3. Equal pay should be provided for equal class levels, but that pay should not be based on what the labor market considers appropriate. Make sure that someone who has just graduated from school and could get $ 75,000 in the private sector is offered a GS-5 or GS-7 position.
  4. Rank the jobs into one of more than 400 job sets, so applicants won’t know what to look for.
  5. Demand many pages of documents rather than the one or two page resume that works for virtually every other employer in the country. Justify it by saying that we have to protect the system from (no) merit.
  6. Trust managers and their teams to run multi-million (or billion) dollar programs, but don’t trust them to identify and hire the talent they need for the program.
  7. Use the technology to make the process easier, but don’t make sure the people who use it are fully trained. Suppose technology is always right. Don’t let people interfere with what comes out of the computer because people are untrustworthy and computers can.
  8. After you have identified who might be the most qualified candidates, throw out all that work and apply the veterans preference.
  9. Create dozens of streamlined hiring authorities to bypass the process created with Principles 1-8.

I know this list sounds very cynical, but the truth is, the hiring process is on hold. Candidates hate it. Recruiters hate it. Most HR hates it.

We need to throw away most of the existing “merit” system and get back to basics. There is nothing wrong with the 9 principles of the merit system. They make sense and they would serve the American people well.

I believe that a radically simplified hiring process, based on the principles of the merit system, can be developed to make the process better for everyone. Some changes could be made through regulations, while others could require Congress to act.

We should empower hiring managers to identify and select the talent they need. We should change the veterans preference to a direct hiring authority for veterans that is associated with individual hiring goals for the agencies. And we should have HR help in the process, but not be the driver. Once released from the non-merit process, hiring managers should be held accountable for their decisions and results.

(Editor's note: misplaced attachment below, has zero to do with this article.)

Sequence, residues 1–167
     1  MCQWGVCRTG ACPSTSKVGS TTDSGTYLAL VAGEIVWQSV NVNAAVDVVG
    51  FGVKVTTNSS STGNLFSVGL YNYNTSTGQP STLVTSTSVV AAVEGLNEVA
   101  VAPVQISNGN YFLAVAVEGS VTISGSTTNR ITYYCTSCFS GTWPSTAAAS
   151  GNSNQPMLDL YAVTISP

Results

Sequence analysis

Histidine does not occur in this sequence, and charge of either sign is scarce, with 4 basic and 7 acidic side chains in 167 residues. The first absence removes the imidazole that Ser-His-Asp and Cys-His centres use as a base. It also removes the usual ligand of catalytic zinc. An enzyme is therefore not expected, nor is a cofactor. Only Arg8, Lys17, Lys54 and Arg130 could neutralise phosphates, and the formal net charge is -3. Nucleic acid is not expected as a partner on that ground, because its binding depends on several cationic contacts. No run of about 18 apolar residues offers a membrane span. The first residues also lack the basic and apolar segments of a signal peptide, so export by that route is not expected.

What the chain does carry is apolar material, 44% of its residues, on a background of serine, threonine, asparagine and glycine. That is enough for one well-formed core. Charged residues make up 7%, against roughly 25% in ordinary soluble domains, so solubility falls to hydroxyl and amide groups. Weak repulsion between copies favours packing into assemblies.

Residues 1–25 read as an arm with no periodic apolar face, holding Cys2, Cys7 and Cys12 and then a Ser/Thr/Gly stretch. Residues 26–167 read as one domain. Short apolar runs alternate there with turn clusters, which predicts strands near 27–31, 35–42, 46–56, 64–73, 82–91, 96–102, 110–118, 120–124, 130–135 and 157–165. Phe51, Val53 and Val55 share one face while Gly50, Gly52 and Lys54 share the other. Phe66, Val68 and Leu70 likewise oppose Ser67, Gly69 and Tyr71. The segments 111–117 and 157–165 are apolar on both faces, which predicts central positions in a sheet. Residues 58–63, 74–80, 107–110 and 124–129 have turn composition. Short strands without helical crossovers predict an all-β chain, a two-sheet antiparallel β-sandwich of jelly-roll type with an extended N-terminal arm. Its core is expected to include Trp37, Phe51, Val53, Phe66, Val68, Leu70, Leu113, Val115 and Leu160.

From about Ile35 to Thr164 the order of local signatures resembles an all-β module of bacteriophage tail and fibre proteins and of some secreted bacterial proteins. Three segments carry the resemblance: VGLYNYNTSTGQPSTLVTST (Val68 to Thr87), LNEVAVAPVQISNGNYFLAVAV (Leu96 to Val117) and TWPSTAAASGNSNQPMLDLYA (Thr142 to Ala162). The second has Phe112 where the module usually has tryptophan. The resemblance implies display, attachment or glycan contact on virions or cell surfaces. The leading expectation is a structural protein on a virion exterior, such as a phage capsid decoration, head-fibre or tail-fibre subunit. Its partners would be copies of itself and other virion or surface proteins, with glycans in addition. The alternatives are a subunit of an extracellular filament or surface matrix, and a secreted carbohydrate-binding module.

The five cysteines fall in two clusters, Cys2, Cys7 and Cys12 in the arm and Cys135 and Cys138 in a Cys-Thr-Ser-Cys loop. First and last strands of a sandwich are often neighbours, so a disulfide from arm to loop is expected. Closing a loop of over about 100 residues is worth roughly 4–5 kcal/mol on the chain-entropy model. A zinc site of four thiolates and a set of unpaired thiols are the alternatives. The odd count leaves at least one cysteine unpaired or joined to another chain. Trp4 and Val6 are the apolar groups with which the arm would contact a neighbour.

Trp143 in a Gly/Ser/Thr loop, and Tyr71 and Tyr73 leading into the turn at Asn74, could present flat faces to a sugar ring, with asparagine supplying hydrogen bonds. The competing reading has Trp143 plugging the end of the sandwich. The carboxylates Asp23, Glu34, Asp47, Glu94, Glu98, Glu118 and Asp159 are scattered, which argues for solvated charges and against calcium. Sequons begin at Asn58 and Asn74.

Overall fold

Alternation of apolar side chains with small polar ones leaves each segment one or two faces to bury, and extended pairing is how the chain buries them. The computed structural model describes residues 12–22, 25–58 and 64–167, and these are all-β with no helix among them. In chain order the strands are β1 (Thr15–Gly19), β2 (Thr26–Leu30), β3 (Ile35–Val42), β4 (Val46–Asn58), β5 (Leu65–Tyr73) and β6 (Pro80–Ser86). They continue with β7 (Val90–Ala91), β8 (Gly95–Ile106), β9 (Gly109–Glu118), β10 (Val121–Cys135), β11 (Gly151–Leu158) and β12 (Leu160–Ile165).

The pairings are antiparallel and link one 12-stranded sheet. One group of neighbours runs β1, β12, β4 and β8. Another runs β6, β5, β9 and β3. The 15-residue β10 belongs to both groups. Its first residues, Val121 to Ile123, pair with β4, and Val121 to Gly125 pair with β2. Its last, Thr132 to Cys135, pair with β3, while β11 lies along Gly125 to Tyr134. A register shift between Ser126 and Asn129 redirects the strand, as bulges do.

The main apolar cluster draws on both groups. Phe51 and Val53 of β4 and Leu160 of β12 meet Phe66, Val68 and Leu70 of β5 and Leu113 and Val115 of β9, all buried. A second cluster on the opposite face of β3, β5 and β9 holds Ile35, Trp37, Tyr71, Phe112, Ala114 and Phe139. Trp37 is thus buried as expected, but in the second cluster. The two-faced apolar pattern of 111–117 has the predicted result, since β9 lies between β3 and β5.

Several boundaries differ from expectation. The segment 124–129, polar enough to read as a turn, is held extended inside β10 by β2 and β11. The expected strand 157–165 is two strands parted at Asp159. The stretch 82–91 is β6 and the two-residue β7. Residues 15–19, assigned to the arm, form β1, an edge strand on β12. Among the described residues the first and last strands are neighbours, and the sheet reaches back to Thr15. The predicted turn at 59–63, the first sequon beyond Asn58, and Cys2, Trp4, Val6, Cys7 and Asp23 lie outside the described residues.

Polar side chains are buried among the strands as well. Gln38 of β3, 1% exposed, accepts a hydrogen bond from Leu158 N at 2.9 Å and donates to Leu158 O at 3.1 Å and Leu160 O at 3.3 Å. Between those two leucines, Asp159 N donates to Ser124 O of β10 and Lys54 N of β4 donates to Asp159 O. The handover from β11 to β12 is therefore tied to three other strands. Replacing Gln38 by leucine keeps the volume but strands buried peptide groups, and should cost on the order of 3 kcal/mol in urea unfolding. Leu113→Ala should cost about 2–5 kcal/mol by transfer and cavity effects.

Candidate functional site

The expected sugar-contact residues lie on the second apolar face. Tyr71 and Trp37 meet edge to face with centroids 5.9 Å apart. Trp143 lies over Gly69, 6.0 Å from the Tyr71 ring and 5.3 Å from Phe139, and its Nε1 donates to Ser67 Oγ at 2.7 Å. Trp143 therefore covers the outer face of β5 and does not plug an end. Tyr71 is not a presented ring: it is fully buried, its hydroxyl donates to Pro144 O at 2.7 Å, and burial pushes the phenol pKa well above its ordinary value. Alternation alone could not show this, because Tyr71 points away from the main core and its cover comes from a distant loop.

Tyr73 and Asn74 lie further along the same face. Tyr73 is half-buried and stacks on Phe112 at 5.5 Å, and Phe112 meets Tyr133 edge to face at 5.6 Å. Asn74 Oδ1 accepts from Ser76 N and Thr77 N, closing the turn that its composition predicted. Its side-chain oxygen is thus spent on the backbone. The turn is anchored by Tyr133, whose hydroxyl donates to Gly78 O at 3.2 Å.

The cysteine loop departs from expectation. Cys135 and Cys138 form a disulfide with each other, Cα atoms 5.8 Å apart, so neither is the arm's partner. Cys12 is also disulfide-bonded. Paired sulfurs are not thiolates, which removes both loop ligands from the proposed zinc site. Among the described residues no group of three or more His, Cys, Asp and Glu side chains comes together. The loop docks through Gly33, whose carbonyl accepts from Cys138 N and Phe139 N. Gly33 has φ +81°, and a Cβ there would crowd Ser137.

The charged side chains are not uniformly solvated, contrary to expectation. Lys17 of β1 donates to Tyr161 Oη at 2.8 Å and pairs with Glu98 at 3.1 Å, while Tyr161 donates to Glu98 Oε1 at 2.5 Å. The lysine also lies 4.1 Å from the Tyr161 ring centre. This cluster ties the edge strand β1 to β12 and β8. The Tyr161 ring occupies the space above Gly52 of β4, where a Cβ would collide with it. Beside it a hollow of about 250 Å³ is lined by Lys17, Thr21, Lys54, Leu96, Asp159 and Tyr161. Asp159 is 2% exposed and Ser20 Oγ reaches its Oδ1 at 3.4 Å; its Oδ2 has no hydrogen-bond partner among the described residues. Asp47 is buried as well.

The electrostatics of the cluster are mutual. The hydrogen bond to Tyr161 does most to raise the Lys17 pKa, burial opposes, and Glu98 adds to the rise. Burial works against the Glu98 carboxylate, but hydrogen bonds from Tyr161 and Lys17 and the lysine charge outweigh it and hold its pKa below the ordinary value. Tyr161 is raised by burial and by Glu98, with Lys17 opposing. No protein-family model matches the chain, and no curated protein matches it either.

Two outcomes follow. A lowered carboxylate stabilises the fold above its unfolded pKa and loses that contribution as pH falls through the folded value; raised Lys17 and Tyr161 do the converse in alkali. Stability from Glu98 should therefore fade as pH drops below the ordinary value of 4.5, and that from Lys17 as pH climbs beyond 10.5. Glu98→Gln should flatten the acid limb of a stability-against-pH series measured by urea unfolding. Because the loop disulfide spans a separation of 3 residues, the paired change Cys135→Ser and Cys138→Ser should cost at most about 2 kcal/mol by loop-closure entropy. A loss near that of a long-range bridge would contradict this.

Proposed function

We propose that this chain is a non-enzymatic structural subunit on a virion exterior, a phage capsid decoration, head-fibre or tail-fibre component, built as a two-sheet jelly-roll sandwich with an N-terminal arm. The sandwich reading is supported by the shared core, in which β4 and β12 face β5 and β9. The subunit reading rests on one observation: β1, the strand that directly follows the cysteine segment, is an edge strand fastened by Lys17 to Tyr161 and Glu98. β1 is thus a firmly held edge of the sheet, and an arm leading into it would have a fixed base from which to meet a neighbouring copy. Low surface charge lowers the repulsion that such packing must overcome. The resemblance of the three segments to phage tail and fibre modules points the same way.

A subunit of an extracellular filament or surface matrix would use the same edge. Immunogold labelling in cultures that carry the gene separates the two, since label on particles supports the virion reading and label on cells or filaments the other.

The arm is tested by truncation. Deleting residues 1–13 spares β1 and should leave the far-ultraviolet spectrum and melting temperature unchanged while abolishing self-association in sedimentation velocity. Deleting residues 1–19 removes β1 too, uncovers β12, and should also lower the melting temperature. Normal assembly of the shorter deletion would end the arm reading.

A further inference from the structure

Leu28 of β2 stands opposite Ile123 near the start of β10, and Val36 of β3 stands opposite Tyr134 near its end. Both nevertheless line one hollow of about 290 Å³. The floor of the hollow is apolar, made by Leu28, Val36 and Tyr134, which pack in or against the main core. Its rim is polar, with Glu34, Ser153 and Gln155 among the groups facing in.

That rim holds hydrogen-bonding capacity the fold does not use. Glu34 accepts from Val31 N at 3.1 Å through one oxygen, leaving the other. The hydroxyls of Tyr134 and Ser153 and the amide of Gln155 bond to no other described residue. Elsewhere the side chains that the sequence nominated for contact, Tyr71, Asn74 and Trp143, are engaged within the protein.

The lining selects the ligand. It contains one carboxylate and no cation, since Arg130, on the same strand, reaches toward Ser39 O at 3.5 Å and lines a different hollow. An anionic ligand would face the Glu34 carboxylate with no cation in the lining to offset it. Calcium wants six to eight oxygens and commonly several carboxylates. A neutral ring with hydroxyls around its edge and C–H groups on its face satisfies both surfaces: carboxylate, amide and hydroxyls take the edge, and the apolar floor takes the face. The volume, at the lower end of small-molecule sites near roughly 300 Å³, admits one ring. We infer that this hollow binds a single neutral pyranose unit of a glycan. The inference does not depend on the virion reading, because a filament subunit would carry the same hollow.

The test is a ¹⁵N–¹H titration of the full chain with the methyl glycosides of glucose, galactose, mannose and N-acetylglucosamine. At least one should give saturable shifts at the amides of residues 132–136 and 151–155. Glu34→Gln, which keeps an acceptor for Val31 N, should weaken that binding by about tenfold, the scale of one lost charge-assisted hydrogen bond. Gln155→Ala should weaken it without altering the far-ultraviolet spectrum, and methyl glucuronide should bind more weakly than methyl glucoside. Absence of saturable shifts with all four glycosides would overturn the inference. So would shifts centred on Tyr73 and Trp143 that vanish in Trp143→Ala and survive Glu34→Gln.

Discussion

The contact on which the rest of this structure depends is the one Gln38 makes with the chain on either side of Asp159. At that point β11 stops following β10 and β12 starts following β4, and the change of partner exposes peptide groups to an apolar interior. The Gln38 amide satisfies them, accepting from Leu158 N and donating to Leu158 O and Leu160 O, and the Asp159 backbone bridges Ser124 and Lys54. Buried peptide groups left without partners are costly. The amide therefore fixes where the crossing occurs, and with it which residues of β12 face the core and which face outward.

Some people tell me that this approach would not work. They believe hiring managers would hire their friends, relatives and others on the basis of relationships rather than merit. I believe this idea is based on a complete lack of confidence on the part of federal employees. If we can trust you to run an essential program, we can trust you to hire the right people. If you don’t, your performance rating should suffer. If you break the principles of the merit system and hire people on the basis of favoritism or politics or some other undeserving factor, you should be fired and banned from federal employment (and federal contracts).

Violating the principles of the merit system should have significant consequences, but current processes now punish everyone (managers, employees and candidates) for the potential misconduct of a few. The result is a corruption of the merit system and a bureaucratic process that gives the illusion of merit, but not the real thing. We can do better.

© 2021 Jeff Neal. All rights reserved. This article may not be reproduced without the express written consent of Jeff Neal.